Apparently, Connecticut born Leverett Candee (1795-1863) left the dry-goods racket in 1833—he needed a change from the business he'd been in for so long—and moved from the Constitution State to New York where he lost a bunch of money on start ups that never amounted to much. By 1842, more or less broke and, uh, stretched rather thin, he started messing around with elastic in, well, the hopes of a rebound. First it was suspenders. Then, when Charles Goodyear licensed his vulcanization process, Candee became the first person in history to start manufacturing rubber footwear. By 1894, his New Haven, Connecticut, factory was on, um, such good footing that it employed over 2,000 people and was, according to the New York Times, "one of the largest factories in the country."
Like many manufacturers, Candee's products were advertised via trade cards, like the rather thin and flimsy one pictured here, which oftentimes incorporated snippets of poetry or advertising verse. We here at the P&PC Office think this particular card must have been one of a set; titled "Autumn," it begs "Spring," "Summer" and "Winter" accompaniment. Here are the four lines of verse printed in gold lettering beneath a gold embossed picture of two figures celebrating the season's agricultural bounty:
In the cool, dark days of autumn
When the earth is damp and cold,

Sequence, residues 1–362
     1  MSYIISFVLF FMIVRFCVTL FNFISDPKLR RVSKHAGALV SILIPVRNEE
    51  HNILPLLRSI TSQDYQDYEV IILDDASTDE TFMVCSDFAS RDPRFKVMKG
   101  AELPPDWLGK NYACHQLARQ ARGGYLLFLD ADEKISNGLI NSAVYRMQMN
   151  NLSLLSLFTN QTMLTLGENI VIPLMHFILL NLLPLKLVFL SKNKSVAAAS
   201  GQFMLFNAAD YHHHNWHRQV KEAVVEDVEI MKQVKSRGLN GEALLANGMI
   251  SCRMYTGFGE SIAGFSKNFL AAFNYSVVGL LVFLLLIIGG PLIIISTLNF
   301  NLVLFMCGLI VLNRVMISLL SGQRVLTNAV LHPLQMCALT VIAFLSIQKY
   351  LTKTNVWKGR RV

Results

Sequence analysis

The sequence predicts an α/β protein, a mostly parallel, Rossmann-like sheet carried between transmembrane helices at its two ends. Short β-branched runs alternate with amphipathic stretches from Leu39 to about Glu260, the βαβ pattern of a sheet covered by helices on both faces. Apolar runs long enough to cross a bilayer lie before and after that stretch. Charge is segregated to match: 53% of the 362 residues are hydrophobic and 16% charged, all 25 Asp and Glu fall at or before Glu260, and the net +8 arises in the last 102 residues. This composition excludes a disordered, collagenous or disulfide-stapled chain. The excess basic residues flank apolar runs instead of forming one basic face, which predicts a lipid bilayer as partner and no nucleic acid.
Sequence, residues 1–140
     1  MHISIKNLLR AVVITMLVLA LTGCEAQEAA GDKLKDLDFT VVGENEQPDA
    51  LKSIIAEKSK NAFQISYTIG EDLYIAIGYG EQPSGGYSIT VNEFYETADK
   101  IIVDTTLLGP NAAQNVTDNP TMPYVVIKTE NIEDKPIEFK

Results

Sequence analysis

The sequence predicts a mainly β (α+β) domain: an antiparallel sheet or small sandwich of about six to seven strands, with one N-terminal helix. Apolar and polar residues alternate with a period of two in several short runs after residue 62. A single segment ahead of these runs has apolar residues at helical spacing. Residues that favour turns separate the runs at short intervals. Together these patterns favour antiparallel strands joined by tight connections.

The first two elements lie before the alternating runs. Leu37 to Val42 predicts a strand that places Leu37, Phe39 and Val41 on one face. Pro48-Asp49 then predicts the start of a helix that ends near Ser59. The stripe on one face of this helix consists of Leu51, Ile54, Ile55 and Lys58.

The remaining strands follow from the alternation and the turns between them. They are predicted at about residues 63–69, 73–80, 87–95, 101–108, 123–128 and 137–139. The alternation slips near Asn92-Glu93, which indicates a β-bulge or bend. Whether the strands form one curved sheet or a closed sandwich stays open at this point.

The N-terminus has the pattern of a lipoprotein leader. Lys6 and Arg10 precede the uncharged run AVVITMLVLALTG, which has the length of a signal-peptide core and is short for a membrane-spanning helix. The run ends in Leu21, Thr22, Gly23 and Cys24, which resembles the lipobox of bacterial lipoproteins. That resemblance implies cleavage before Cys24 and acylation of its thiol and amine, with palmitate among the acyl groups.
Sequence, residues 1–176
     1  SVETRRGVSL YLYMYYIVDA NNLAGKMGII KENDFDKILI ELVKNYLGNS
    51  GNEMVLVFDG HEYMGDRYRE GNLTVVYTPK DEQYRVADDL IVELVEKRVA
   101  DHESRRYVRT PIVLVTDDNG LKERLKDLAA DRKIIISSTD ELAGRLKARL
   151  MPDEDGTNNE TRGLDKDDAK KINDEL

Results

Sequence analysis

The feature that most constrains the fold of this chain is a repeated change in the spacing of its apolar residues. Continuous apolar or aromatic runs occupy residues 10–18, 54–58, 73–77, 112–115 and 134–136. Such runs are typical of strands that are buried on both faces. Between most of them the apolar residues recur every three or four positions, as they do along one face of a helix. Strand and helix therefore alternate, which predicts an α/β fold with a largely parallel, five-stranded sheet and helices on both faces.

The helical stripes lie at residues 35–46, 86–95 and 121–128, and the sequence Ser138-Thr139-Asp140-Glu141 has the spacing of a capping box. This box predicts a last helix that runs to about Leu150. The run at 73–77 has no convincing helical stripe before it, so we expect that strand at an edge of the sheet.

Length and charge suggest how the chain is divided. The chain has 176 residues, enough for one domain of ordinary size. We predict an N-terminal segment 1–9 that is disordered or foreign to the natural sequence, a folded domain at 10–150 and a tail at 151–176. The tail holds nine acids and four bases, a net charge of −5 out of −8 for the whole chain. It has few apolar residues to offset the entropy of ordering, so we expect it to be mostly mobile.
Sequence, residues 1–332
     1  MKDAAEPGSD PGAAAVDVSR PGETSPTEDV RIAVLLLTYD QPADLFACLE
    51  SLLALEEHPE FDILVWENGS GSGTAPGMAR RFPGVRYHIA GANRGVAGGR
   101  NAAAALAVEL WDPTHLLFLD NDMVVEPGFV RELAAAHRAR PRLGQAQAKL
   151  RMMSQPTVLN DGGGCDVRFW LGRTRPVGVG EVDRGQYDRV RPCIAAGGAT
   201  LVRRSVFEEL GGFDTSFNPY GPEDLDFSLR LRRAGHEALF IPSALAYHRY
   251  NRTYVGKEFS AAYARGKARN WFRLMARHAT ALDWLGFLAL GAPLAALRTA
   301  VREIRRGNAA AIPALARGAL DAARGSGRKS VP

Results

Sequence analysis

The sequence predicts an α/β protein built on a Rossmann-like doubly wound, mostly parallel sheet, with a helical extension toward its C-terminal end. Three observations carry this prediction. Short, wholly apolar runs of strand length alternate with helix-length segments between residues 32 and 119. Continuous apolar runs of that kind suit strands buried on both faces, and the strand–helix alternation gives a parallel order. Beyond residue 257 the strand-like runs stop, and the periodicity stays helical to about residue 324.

We should wear our "Candee" rubbers;
They are "worth their weight in gold."
Neither of the figures in the picture appear to be wearing Candee's product, though; the figure in the hat wears shoes that have highlighted-red bows on them, and the figure in back appears to be wearing heels. Why didn't Candee, uh, give 'em the boot? Probably because rubbers aren't the most attractive items to begin with. Knowing it's kind of hard to sex up a pair of galoshes, no matter how practical they are, Candee gives us a poem instead—one that's dense in alliteration (its w's, c's and d's give us something to chew on) and that diverts our attention to the proposed relationship between the value of warm feet and the value of gold that the "cold/gold" rhyme presses. Combined with the shiny gold-embossed design, the card does a pretty good job of compensating for the unattractive product it's hawking, even if its math is, well, a bit of a stretch.